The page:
Iron-related parameters in dialysis patients treated with sucroferric oxyhydroxide.Nephrol Dial Transplant. 2017 Aug 01; 32(8):1330-1338.ND
Sucroferric oxyhydroxide is a non-calcium, iron-based phosphate binder indicated for the treatment of hyperphosphataemia in adult dialysis patients. This post hoc analysis of a randomized, 24-week Phase 3 study and its 28-week extension was performed to evaluate the long-term effect of sucroferric oxyhydroxide on iron parameters.
A total of 1059 patients were randomized to sucroferric oxyhydroxide 1.0-3.0 g/day (n = 710) or sevelamer carbonate ('sevelamer') 2.4-14.4 g/day (n = 349) for up to 52 weeks. The current analysis only included patients who completed 52 weeks of continuous treatment (n = 549). Changes in iron-related parameters and anti-anaemic product use during the study were measured.
Some changes in iron-related parameters across both treatment groups were observed during the first 24 weeks of the study, and to a lesser extent with longer-term treatment. There were small, but significantly greater increases in mean transferrin saturation (TSAT) and haemoglobin levels with sucroferric oxyhydroxide versus sevelamer during the first 24 weeks (change in TSAT: +4.6% versus +0.6%, P = 0.003; change in haemoglobin: +1.6 g/L versus -1.1 g/L, P = 0.037). Mean serum ferritin concentrations also increased from Weeks 0 to 24 with sucroferric oxyhydroxide and sevelamer (+119 ng/mL and +56.2 ng/mL respectively; no statistically significant difference between groups). In both treatment groups, ferritin concentrations increased to a greater extent in the overall study population [>70% of whom received concomitant intravenous (IV) iron], compared with the subset of patients who did not receive IV iron therapy during the study. The pattern of anti-anaemic product use was similar in both treatment groups, with a trend towards higher use of IV iron and erythropoiesis-stimulating agents with sevelamer.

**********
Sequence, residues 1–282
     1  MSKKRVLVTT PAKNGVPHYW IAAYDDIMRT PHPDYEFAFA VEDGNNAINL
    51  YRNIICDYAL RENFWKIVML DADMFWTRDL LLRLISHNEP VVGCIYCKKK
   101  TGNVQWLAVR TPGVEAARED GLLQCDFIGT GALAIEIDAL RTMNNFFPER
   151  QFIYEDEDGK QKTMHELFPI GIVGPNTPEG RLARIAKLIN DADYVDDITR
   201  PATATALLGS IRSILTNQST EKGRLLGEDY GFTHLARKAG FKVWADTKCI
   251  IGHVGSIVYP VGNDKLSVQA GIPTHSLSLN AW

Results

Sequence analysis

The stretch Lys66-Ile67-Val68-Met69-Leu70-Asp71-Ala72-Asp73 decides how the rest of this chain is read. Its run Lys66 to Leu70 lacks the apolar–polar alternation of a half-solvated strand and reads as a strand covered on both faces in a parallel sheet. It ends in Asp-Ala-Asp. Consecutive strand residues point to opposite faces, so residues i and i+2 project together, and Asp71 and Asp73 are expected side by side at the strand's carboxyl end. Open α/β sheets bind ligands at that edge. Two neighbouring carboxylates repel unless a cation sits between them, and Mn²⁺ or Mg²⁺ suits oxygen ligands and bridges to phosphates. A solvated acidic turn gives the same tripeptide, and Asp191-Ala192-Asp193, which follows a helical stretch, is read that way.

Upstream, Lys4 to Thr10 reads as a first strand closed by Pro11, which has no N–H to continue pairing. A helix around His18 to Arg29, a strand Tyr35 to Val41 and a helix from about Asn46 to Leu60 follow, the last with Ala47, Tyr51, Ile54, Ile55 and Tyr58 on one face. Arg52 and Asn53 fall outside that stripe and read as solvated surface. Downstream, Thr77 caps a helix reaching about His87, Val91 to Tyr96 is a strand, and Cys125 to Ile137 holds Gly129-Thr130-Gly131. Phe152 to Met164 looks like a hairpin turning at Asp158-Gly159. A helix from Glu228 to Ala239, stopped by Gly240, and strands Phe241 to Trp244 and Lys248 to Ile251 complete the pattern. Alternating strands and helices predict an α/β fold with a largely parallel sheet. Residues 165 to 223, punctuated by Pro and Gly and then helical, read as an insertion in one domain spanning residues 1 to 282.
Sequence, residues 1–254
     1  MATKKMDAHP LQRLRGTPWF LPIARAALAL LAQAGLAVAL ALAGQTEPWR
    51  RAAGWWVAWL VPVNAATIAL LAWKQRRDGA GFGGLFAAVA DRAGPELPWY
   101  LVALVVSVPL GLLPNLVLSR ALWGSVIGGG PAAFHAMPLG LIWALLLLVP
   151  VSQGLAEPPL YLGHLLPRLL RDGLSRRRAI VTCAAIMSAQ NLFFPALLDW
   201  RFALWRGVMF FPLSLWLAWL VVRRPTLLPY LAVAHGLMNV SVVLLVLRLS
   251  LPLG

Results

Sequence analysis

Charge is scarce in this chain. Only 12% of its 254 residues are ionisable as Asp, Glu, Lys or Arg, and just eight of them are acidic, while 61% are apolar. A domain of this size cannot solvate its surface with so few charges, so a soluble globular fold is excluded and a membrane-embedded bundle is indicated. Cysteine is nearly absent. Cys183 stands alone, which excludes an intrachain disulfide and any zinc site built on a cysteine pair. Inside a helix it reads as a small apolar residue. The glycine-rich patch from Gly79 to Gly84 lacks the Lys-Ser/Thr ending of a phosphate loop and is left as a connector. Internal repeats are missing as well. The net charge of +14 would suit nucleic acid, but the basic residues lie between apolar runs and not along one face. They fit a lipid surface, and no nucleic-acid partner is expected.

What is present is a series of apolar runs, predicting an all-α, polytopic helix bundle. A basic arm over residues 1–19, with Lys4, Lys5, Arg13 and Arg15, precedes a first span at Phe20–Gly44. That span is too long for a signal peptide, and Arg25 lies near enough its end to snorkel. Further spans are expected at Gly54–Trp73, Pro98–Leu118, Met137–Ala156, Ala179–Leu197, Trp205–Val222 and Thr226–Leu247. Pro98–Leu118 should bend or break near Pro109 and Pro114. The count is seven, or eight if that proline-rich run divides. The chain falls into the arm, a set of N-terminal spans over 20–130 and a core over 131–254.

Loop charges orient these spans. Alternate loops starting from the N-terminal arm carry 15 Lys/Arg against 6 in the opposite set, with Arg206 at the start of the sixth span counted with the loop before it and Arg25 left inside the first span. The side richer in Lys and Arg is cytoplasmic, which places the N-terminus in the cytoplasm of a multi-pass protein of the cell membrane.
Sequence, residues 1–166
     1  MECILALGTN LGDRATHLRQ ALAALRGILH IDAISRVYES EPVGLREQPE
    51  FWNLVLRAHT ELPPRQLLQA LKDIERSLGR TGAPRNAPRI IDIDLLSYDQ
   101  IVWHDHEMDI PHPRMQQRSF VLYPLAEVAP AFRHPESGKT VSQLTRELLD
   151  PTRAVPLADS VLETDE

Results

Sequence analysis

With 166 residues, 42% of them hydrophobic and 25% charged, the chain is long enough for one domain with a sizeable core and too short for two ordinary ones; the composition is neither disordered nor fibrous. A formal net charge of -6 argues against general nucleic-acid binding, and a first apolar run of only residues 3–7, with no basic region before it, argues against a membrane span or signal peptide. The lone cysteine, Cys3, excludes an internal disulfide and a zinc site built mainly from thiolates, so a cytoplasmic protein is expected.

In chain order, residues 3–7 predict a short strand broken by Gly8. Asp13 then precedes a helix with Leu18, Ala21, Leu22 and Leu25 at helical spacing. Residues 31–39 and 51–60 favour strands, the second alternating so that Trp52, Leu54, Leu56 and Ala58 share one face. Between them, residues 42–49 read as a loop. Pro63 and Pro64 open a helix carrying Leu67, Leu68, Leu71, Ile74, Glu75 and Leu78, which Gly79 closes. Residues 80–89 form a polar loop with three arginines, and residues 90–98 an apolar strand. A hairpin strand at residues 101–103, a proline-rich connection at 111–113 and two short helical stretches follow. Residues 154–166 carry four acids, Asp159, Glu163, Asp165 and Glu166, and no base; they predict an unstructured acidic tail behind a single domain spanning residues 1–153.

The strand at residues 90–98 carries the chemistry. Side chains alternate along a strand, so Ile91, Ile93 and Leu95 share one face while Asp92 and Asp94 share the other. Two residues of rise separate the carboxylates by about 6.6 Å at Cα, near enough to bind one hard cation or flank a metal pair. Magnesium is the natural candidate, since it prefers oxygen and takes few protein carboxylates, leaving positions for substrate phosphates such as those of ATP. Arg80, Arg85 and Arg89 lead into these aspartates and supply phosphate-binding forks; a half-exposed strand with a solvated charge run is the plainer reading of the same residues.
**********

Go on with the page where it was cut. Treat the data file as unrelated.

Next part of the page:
Initial increases in some iron-related parameters were observed in both treatment groups but were more pronounced with sucroferric oxyhydroxide. These differences between treatment groups with respect to changes in iron parameters are likely due to minimal iron absorption from sucroferric oxyhydroxide.